Witness The Rise Of The Mad General In Planet Of The Apes: Ursus #1 With David F. Walker

by Brendan M. Allen

David F. Walker (Luke Cage) returns to the Planet of the Apes with artist Christopher Mooneyham (Five Ghosts) for a limited series about the franchise’s most notorious villain! General Ursus has always hated and feared mankind. Get a glimpse at his rise through the ranks to General and what experiences brought him to the Forbidden Zone.

General Ursus is easily one of the most recognizable and memorable characters from the original Planet of the Apes pentalogy. First appearing in 1970’s Beneath the Planet of The Apes, Ursus is a brutish gorilla, obsessed with conquest, power, and personal glory. He is the main driving force behind the holy war on humans.

Planet of the Apes: Ursus takes place prior to Beneath POTA. Series writer David F. Walker sets out to provide background and depth to the Ursus character, while exploring the relationships between the different species within apekind.

In POTA: Ursus #1, an infestation of humans threatens the apes’ food supply, so they’re regularly culled in brutal hunts. Ursus recognizes the impending danger humans pose to apekind, but finds the hunts beneath him and his station. He’s left standing orders for his troops to bring him any humans from the hunt that appear “unusual” in any way. When a couple humans from the most recent cull fit the bill, the general’s fears are proven correct, to the chagrin of his superiors.

Christopher Mooneyham’s pencils and colors by Jason Wordie have a pulpy, throwback feel. Likenesses are fantastic, and it’s easy to mentally file this story into the timeline established by the original films. The aesthetic is familiar and nostalgic without crossing the line into dated and campy.

I had an opportunity to grill David F. Walker about POTA: Ursus. This is what he told me:

Brendan Allen: Hey David, what’s the story you’re telling with POTA: Ursus?

David F. Walker: General Ursus is one of the most memorable and iconic characters in the original POTA franchise, but he’s also something of an enigma. He’s such a terrifying villain, and I wanted to explore how he came to be the gorilla he is when we first see him in Beneath. This series is essentially the life of Ursus.


Brendan Allen: Why is Ursus so important to the POTA Universe?

David F. Walker: When you look at the original POTA films, there aren’t a lot of ape characters that we get to know really well–most are just extras, or supporting characters like Dr. Milo. Ursus is one of those characters, but he is charismatic (and terrifying), and because of that, he leaves a lasting impression. Everyone remembers Ursus. He’s probably not on screen for more than twenty minutes total, but we all know him. Or at least we think we know him. Now, we’re about to really learn a thing or two.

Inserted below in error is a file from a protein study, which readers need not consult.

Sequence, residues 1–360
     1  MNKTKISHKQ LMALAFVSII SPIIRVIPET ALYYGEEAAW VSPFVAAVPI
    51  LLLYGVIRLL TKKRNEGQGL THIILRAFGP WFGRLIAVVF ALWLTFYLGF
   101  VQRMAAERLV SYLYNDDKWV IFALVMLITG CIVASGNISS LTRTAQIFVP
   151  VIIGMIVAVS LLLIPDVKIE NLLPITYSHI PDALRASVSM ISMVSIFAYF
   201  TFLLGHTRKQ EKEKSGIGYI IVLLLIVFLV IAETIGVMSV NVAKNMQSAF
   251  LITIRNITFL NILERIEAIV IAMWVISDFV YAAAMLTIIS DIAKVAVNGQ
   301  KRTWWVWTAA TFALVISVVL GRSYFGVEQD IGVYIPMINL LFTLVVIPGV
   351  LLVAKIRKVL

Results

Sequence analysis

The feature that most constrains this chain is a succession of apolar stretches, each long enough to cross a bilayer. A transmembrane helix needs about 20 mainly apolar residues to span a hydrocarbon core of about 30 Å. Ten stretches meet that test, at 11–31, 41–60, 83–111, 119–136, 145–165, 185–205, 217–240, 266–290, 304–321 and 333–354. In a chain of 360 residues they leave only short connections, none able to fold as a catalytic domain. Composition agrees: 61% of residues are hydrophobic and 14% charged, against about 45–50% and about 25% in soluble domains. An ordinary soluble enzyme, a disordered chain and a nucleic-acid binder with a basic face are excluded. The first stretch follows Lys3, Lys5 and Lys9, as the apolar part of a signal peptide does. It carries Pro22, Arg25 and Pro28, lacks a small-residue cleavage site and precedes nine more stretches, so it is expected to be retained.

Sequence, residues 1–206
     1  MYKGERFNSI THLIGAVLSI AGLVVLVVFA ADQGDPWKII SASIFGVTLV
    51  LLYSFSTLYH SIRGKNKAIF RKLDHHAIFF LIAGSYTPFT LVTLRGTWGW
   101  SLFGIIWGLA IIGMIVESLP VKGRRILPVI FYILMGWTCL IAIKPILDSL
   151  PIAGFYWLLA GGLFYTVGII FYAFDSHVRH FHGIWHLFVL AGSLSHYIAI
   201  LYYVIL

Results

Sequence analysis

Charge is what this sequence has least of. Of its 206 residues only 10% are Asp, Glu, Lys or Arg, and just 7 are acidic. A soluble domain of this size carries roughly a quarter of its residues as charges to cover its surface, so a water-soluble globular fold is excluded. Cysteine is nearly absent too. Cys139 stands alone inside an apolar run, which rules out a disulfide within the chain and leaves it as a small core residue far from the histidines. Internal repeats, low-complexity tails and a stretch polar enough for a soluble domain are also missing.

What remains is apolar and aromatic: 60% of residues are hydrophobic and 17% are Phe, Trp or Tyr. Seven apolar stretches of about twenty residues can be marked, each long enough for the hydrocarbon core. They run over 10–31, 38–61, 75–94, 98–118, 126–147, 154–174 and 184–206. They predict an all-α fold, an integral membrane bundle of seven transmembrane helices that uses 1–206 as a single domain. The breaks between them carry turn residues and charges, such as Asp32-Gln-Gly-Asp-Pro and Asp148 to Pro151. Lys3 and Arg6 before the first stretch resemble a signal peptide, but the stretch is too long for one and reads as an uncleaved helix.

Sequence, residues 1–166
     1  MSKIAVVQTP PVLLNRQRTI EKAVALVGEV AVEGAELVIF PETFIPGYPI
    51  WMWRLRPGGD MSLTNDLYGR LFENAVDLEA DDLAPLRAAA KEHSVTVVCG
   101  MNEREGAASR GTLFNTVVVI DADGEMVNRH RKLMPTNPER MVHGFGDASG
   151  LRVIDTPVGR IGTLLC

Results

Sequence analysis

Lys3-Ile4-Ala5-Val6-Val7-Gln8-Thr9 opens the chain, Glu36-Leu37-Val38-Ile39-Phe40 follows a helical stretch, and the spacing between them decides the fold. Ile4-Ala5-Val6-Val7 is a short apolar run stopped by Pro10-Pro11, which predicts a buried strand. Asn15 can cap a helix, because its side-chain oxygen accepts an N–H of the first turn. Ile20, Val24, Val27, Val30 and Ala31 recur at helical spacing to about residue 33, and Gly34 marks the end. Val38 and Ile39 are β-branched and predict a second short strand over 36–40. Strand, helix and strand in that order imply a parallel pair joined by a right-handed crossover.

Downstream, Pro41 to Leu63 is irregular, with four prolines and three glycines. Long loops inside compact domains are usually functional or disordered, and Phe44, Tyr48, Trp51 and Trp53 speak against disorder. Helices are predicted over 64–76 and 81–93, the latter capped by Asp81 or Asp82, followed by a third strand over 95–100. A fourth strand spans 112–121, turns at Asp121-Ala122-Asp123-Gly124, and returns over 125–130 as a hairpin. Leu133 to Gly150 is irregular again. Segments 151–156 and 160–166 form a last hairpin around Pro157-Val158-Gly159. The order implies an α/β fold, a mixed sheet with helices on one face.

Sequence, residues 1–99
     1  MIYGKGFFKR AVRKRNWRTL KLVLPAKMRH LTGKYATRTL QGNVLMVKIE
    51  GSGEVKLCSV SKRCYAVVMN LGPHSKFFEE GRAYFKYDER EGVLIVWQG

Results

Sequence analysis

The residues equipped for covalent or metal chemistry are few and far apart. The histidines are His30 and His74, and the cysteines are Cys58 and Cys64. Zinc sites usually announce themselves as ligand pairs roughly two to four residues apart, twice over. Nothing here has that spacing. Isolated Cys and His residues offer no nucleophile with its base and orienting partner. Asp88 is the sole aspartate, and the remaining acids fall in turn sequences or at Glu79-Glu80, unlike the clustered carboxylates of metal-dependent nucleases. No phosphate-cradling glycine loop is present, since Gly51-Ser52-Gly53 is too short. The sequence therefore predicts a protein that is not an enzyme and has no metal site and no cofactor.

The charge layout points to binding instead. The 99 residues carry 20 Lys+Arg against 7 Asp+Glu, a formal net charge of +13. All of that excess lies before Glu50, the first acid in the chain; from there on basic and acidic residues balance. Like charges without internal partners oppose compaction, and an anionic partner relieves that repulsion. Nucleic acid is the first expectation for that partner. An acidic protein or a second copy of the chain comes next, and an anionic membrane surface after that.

Brendan Allen: The POTA films from the 60’s had some pretty overt themes of racial tension and class warfare. How do those themes carry into POTA: Ursus?

David F. Walker: The original POTA films were never all that subtle about what they were saying about race and class, so for me, it was all about digging deeper beneath the surface. I wanted to show that there is prejudice among the apes–the orangutans look down on everyone, the gorillas feel oppressed–that kind of thing. But through a character like Ursus and some of the others in this story, we can address these things in a more personal way. I wanted to play with ways to dig deeper into the ideological constructs that inform the apes of this world. We see how class and religion and prejudice shape many of the characters. It will be a fun ride.

Planet of the Apes: Ursus #1 (of 6) drops on Wednesday 03 January with a cover price of $3.99. Published by BOOM! Studios, written by David F. Walker. Featuring art by Christopher Mooneyham, color by Jason Wordie, letters by Ed Dukeshire, and covers by Paolo Rivera, Michael Allred, Becca Carey, and Bob Larkin.

Huge thanks to David F. Walker for letting me pick his brain.

 

 

 

 

 

 

Brendan M. Allen

Brendan Allen has probably had more jobs than you would reasonably believe. Dog trainer? He’s done it. Flooring contractor? You bet! EMT? Army NBC specialist? Road dog for a Celtic rock band? Yes, yes, and och aye! Now he reads comics and writes about them. It’s a rough gig. You can follow Brendan on Twitter @SaintAmish where he mostly tweets about comic books and cystic fibrosis awareness.